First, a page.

Runners timing pregnancies around races

October, 6, 2010
10/06/10
11:23
PM ET

Timing is everything for marathon specialists, and elite women who want to start or expand their families have their own particular pace clock: Give birth in non-Olympic, non-world championship years.

Call it the Mommy Track. Sandwiched between the odd-year worlds and well before the 2012 Summer Games in London, 2010 was due to be a baby boom year, and it has delivered. That means good news for the distance divas and a somewhat depleted field for the New York City Marathon a month from now on Nov. 7.

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Blake Russell
Blake RussellBlake Russell returns to the marathon circuit after giving birth to son Quin in 2009.

Two top runners -- marathon world-record holder Paula Radcliffe of the United Kingdom and Kara Goucher of the United States -- welcomed new sons within days of each other last week. It was the second child for Radcliffe, a three-time winner in New York. Goucher, a 2007 world bronze medalist in the 10,000-meter event, finished third in New York in her marathon debut in 2008. Meanwhile, 37-year-old Deena Kastor, the American record-holder and 2004 Olympic bronze medalist, had to withdraw from New York after learning she was expecting a baby in March.

North Carolina native Blake Russell, who finished 27th in the marathon at the 2008 Olympics, will be racing in New York for the first time. She took her biological stopwatch so seriously, she and husband Jonathan conceived their son Quin in Beijing -- after her event was over, of course. "He's my made-in-China baby," she said, laughing, in a telephone interview from her home in Pacific Grove, Calif. "He's my little China baby."

Looking back, Russell, 35, said candidly she's very glad she left herself the maximum amount of time to recover. "It was much rougher than I thought," she said. Forget baby weight -- that came off quickly after Quin was born in April 2009, she said, especially since she nursed for 11 months. Fatigue was Russell's main problem, as her active little boy didn't let her sleep for more than three hours at a stretch for most of that time.

Russell said she didn't run much after the fifth month of her pregnancy -- "I was so wiped out," she said -- and also came back slowly when she began training again in January, erring on the side of caution. "A lot of women get hurt when they try to come back too soon," she said.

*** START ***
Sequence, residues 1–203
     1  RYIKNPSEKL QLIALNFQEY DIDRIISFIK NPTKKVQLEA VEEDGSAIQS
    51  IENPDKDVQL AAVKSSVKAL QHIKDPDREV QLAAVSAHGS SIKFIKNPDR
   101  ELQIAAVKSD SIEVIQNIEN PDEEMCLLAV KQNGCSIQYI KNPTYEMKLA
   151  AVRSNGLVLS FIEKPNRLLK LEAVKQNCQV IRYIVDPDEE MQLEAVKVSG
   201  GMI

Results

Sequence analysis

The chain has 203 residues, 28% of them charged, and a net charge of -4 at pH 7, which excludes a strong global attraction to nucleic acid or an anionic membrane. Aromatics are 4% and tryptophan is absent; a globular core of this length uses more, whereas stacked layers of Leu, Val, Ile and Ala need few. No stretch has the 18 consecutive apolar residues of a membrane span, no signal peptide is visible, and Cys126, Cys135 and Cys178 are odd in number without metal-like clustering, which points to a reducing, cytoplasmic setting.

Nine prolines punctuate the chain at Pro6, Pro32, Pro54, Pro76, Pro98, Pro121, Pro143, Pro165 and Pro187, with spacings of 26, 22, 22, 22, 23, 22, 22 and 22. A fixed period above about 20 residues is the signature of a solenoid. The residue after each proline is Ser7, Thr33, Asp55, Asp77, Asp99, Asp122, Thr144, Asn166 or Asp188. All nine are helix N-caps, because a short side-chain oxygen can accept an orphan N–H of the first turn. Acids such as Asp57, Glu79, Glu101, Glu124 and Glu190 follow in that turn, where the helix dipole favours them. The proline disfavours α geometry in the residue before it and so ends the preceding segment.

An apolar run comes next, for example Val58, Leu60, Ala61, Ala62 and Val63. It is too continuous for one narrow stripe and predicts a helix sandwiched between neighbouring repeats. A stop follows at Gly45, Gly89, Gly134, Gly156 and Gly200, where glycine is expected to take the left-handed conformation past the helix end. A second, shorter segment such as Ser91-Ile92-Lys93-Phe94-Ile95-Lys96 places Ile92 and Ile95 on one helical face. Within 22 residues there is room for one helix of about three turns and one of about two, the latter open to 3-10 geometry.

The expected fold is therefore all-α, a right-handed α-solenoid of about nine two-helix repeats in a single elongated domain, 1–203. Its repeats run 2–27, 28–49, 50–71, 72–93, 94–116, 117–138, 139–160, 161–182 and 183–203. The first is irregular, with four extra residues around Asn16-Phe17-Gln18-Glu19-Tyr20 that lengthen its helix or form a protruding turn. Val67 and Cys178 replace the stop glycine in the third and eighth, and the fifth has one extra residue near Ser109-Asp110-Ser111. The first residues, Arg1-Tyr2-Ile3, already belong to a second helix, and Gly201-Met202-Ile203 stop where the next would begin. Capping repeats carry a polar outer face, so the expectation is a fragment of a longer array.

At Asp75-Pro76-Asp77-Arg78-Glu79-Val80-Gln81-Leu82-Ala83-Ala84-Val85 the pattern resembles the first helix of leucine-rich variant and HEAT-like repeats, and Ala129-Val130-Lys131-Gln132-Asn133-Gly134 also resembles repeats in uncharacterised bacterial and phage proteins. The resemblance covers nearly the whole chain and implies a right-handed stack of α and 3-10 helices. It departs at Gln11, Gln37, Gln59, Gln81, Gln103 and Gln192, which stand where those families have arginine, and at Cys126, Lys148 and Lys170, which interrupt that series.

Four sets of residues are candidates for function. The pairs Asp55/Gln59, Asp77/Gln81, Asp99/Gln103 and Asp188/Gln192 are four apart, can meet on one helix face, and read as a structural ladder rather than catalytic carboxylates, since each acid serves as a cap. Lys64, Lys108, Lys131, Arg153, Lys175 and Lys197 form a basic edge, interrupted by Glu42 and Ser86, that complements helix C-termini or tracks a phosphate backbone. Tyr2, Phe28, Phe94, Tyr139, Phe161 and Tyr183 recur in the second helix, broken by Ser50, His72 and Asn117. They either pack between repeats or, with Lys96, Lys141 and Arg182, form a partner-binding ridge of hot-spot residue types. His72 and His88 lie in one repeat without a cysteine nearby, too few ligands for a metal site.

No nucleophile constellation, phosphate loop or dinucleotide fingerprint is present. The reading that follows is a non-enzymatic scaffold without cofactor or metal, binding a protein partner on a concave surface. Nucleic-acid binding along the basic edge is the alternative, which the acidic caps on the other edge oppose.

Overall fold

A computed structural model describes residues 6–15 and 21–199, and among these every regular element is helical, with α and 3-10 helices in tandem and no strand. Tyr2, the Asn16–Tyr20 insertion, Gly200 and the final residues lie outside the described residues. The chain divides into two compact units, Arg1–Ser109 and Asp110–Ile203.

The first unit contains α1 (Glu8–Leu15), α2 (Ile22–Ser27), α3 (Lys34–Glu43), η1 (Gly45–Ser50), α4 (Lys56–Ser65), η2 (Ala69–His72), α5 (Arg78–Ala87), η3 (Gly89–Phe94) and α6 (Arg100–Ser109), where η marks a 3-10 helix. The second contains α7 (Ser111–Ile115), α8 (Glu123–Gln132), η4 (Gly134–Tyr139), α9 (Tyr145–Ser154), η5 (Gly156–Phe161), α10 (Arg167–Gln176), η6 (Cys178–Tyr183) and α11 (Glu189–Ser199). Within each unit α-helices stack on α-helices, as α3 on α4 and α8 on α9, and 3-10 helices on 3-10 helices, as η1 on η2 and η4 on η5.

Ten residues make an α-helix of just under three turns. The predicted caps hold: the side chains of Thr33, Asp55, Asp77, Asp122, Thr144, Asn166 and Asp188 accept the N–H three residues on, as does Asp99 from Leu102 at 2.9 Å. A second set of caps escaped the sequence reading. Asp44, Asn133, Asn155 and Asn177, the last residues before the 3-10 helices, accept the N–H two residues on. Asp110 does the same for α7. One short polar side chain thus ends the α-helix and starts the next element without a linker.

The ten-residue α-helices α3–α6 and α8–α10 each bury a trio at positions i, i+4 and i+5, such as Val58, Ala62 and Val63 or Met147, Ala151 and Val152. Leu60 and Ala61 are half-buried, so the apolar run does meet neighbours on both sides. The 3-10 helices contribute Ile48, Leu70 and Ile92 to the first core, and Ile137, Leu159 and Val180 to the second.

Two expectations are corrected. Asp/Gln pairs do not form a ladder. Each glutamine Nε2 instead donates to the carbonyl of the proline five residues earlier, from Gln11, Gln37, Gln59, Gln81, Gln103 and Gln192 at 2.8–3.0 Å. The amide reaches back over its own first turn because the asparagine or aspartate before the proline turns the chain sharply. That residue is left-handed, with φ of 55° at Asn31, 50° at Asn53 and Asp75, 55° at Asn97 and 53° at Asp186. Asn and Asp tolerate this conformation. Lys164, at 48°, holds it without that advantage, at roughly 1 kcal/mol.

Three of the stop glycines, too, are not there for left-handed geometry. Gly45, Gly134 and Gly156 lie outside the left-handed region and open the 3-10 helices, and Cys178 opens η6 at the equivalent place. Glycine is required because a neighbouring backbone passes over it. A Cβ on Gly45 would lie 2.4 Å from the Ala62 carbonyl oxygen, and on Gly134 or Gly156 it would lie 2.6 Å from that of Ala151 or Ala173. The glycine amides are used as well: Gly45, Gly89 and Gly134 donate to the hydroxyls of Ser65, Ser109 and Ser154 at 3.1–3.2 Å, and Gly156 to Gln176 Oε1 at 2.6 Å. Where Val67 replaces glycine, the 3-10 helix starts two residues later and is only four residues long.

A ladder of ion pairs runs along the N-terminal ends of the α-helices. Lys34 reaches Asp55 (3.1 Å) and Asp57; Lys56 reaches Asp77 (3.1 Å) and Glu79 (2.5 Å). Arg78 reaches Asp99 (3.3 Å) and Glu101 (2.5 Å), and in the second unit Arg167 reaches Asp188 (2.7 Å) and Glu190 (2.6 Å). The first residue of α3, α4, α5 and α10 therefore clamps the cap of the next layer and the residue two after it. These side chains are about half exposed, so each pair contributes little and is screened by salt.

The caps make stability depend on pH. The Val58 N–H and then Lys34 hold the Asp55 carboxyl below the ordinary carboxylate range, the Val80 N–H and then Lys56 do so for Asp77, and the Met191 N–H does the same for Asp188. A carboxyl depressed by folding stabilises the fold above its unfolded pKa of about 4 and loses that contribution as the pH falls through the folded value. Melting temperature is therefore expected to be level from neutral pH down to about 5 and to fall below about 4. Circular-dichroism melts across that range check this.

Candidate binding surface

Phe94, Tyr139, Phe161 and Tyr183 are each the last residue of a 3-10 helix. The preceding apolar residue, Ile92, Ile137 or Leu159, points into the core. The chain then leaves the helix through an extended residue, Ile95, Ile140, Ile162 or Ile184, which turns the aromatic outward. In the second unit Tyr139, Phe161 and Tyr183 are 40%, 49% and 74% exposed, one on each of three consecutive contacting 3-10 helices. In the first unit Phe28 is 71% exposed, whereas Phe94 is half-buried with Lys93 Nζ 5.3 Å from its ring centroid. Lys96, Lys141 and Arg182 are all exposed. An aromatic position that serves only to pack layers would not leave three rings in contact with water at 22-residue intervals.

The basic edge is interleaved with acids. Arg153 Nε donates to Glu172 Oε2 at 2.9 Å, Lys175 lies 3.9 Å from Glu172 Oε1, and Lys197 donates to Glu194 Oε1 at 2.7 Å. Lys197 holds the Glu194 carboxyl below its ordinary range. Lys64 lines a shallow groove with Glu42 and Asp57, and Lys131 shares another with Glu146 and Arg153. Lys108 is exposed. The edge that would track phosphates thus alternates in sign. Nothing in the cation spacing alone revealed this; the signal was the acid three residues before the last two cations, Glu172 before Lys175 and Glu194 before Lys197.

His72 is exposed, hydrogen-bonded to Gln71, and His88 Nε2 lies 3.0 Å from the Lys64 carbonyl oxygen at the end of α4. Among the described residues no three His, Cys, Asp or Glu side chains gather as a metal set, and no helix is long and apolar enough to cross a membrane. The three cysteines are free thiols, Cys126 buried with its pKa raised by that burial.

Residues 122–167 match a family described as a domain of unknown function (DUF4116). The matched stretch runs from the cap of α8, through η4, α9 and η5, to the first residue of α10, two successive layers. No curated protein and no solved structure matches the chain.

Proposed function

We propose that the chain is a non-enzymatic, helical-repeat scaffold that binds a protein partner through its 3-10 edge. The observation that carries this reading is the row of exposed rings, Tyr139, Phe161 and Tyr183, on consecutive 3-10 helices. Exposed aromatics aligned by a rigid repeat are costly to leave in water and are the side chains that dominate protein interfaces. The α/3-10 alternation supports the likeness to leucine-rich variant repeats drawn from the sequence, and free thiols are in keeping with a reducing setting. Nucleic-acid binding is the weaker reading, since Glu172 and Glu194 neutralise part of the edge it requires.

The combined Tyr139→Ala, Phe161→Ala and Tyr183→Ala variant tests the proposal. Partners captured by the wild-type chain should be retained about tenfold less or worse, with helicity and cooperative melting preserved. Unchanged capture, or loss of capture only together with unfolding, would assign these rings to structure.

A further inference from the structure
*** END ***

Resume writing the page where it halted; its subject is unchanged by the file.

Her season was low-key until she won the San Jose (Calif.) Half-Marathon last Sunday. She's pumped to run in New York and said she's as fit as she's ever been going into a marathon. The only other year Russell had planned to run there, she accidentally dropped a suitcase on her foot, broke a bone and had to pull out.

Like many athletes who become mothers, Russell said the mental adjustment is considerable as well.

"You feel guilty, like any mom does, for leaving," she said. "But I do need time for myself, and running is relaxing and cathartic for me that way. It's harder to get organized and out the door, harder to focus before a workout. You have to turn it on and turn it off a lot faster.

"If I was never able to run again, I'd be fine, but I still have goals," added Russell, who set her personal best time of 2:29:10 in Chicago in 2005. "I haven't ever finished as high as I wanted in a marathon. I know I can be up there in that front pack."

The course in New York suits where she is in her comeback right now -- tactics win it rather than record times.

Her husband and son will be there. "Quin definitely knows what running is, and he knows when I lace up my shoes that I'm getting ready to run," Russell said. "If I run from the house, he stands in the doorway and says "Go."

Bonnie D. Ford

ESPN Senior Writer

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